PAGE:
Yet Margulies thoroughly explores each possibility before moving on to the next, and maintains forward motion by seldom allowing Eric (or us) an opportunity to look back. The experiences thus accumulate and subtly interact until the final scene, when their lasting effects on Eric's life are explored in depth. This scene, Margulies's baldest capitulation to audience expectations, is the weakest: The threads of Eric's story are much more interesting when being untied than when being tied back together, and the curtain moment Margulies has devised is predictable from the play's first scene.

Even so, that's as unsatisfying as Brooklyn Boy gets. Otherwise, the play is surprisingly affecting and unsparing in its examination of Eric's character, whether overt (his scene with his father is played as unusually broad, even Jewish comedy) or covert (Eric's paternal instincts play a major role in the scene with his wife, and then are fully developed in unexpected ways with his young fan in a Los Angeles hotel room). Most importantly, Eric is seldom apologetic, giving the show the consistent dramatic anchor it needs to surprise and delight when it could just bore.

A prerequisite for all this working is a great Eric, and Margulies and Sullivan have one in Adam Arkin. The role requires considerable stamina (Eric is offstage for only a few seconds of the show's two-hour-twenty-minute running time), as well as a wide range of understated emotions; Arkin handles them all beautifully. He's particularly effective in his almost violent outbursts, which erupt from an almost continuous subcutaneous smoldering, but is also wonderfully touching in scenes that could too easily degenerate into cliché, such as the emotional breakdown he suffers at Paramount upon realizing how much his father really affected his personal and creative life.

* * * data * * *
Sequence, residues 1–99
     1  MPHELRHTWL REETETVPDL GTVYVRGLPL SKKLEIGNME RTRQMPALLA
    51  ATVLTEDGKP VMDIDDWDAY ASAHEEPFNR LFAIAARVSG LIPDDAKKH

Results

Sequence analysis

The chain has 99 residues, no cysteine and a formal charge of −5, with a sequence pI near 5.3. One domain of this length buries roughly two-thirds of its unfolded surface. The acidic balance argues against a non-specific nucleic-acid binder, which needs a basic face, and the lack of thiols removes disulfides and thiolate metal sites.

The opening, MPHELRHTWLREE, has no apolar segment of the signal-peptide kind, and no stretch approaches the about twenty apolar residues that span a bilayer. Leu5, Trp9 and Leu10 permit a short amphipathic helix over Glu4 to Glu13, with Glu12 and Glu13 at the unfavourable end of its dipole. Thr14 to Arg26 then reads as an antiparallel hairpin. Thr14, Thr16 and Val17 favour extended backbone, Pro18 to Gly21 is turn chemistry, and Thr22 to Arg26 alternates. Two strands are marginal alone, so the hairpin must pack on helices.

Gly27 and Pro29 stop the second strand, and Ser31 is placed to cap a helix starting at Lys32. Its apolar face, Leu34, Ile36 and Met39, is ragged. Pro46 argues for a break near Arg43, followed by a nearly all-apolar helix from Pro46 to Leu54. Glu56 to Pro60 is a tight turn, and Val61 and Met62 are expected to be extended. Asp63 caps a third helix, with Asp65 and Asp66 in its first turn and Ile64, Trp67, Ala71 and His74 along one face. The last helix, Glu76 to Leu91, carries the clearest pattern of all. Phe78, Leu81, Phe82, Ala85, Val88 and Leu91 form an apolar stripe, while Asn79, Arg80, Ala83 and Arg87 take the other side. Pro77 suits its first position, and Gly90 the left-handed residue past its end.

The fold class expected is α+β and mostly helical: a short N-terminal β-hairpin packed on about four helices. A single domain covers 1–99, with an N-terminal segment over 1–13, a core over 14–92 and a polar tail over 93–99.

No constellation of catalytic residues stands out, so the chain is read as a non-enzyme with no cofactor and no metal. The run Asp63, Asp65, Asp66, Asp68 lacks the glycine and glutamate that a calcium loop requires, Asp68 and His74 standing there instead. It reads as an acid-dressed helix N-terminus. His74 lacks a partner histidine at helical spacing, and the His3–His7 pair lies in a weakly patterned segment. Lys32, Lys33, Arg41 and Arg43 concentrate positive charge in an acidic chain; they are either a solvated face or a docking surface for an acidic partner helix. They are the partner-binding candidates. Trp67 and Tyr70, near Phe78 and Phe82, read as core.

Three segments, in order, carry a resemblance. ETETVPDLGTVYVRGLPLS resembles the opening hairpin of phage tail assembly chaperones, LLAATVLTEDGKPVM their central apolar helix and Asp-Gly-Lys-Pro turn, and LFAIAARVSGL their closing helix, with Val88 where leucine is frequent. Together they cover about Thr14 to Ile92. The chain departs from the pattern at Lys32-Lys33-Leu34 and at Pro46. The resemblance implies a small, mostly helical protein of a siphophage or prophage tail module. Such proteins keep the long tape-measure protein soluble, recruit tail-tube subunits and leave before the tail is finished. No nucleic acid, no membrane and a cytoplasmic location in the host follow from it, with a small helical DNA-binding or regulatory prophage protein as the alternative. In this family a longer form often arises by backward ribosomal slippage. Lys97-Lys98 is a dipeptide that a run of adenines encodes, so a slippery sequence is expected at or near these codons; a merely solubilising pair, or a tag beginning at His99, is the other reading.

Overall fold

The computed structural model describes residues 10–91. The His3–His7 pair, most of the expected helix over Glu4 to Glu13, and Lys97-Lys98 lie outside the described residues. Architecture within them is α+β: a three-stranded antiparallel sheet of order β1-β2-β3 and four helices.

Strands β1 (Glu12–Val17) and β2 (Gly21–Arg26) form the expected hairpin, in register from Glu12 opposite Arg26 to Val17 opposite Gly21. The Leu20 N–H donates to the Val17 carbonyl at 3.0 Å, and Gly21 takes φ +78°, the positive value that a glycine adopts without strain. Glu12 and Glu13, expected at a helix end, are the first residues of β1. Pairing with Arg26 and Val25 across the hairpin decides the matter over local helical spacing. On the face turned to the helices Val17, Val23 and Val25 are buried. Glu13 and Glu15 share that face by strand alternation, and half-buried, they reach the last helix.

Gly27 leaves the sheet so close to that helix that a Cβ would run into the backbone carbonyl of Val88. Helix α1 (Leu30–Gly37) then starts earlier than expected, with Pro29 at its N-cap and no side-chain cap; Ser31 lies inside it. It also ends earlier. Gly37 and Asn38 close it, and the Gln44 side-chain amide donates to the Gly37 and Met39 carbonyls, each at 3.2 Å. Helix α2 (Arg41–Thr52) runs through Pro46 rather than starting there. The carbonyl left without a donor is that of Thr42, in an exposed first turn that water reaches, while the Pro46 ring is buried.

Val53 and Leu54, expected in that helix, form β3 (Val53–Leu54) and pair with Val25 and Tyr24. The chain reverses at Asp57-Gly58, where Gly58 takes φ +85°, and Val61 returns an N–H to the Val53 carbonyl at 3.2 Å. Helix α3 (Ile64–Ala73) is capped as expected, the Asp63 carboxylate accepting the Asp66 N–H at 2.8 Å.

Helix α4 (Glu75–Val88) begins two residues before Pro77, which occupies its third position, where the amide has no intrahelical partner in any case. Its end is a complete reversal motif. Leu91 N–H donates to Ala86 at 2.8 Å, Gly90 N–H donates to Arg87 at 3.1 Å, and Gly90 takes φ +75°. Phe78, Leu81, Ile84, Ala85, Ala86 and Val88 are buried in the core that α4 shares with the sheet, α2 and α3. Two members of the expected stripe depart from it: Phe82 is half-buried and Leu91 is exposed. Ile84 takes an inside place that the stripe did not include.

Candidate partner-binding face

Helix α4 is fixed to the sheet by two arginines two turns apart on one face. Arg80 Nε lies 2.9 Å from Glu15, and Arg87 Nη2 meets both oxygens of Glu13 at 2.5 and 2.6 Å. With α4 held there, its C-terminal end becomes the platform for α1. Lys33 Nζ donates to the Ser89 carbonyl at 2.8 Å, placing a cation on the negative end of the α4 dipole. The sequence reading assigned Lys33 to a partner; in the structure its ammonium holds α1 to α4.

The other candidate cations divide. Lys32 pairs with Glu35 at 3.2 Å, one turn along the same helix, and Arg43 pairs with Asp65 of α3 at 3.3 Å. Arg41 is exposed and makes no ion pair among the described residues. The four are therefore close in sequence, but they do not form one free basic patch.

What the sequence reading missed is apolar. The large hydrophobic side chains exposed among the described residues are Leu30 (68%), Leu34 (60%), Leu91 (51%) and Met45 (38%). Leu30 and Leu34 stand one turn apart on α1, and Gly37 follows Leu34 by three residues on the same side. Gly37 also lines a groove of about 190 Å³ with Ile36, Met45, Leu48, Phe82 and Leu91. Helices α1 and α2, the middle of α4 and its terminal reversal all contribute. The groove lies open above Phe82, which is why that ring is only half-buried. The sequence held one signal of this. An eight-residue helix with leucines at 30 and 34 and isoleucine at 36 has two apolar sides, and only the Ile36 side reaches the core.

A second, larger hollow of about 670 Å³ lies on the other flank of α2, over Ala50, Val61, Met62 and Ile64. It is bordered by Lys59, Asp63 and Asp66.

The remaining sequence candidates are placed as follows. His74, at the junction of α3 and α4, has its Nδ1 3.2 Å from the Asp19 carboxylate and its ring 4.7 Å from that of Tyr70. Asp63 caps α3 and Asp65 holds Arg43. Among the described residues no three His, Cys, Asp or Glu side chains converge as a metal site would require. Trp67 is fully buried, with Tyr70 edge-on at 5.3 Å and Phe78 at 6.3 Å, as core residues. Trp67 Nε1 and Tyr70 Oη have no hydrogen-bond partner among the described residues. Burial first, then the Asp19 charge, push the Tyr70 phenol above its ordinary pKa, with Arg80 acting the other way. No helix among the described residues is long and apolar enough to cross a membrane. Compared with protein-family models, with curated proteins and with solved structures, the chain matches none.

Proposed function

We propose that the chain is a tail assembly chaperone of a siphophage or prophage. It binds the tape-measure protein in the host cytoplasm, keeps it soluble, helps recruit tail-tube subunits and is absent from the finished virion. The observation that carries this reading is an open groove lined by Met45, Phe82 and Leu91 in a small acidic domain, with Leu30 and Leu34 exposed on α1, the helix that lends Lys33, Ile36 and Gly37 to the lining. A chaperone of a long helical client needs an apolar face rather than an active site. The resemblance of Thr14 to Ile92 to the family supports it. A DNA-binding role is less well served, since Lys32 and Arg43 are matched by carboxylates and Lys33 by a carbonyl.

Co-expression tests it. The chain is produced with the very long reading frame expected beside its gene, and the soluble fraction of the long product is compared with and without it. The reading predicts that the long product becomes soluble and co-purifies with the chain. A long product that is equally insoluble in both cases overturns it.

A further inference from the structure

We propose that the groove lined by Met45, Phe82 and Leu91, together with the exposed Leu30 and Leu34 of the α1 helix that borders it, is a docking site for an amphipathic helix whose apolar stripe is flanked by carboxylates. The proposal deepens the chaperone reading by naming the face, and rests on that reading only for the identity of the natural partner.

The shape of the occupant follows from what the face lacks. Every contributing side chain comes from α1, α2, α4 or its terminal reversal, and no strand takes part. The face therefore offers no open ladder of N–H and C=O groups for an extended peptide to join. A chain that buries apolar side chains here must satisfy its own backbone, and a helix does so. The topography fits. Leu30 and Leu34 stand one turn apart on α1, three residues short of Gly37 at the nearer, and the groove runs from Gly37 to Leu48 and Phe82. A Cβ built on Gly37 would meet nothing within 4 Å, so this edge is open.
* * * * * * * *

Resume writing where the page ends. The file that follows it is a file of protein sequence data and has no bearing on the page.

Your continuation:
But Arkin is immediately and completely convincing as the conflicted Eric in any milieu, and works well off of his costars, each of whom gives him the opportunity to reveal many different facets of Eric's personality. Miller, Gross, Draper, and Graynor offer him the most, but their scenes are also the most provocative, giving us the broadest perspective of Eric's life, past and present. Lieber and Isola have broader, more cartoonish roles, and play them as such; the show might be stronger still if they were directed to be as resolutely down to earth as their castmates.

Otherwise, Sullivan's direction is terrific, and beautifully highlights the emotion and comedy in Eric's difficult spiritual quest. He and scenic designer Ralph Funicello have designed an eye-catching model of a Brooklyn neighborhood as a backdrop, from which the elements of the play's other sets (representing locations in the hospital, New York, and Los Angeles) emerge and eventually return.

The message is clearly not that you can't go home again, but that you must, and that's well in keeping with Margulies's writing. Brooklyn Boy winningly celebrates home - wherever you can find it, and whether you want it or not - in all its affectionate and frustrating glory.